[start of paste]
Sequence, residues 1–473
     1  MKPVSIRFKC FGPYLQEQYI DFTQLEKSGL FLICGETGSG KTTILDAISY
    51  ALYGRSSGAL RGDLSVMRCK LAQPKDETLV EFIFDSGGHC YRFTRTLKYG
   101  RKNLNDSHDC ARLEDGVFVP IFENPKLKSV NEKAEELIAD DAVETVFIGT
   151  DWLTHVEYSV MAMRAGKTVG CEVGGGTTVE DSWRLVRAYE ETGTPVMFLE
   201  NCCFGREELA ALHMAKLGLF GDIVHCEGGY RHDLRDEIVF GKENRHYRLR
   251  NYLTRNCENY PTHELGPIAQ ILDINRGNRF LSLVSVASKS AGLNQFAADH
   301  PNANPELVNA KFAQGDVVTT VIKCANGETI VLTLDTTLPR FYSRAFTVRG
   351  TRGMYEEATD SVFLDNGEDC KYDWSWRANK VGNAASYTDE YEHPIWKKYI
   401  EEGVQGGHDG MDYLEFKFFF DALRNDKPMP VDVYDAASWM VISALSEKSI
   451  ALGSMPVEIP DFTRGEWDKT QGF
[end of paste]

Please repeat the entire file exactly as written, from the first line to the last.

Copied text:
Sequence, residues 1–473
     1  MKPVSIRFKC FGPYLQEQYI DFTQLEKSGL FLICGETGSG KTTILDAISY
    51  ALYGRSSGAL RGDLSVMRCK LAQPKDETLV EFIFDSGGHC YRFTRTLKYG
   101  RKNLNDSHDC ARLEDGVFVP IFENPKLKSV NEKAEELIAD DAVETVFIGT
   151  DWLTHVEYSV MAMRAGKTVG CEVGGGTTVE DSWRLVRAYE ETGTPVMFLE
   201  NCCFGREELA ALHMAKLGLF GDIVHCEGGY RHDLRDEIVF GKENRHYRLR
   251  NYLTRNCENY PTHELGPIAQ ILDINRGNRF LSLVSVASKS AGLNQFAADH
   301  PNANPELVNA KFAQGDVVTT VIKCANGETI VLTLDTTLPR FYSRAFTVRG
   351  TRGMYEEATD SVFLDNGEDC KYDWSWRANK VGNAASYTDE YEHPIWKKYI
   401  EEGVQGGHDG MDYLEFKFFF DALRNDKPMP VDVYDAASWM VISALSEKSI
   451  ALGSMPVEIP DFTRGEWDKT QGF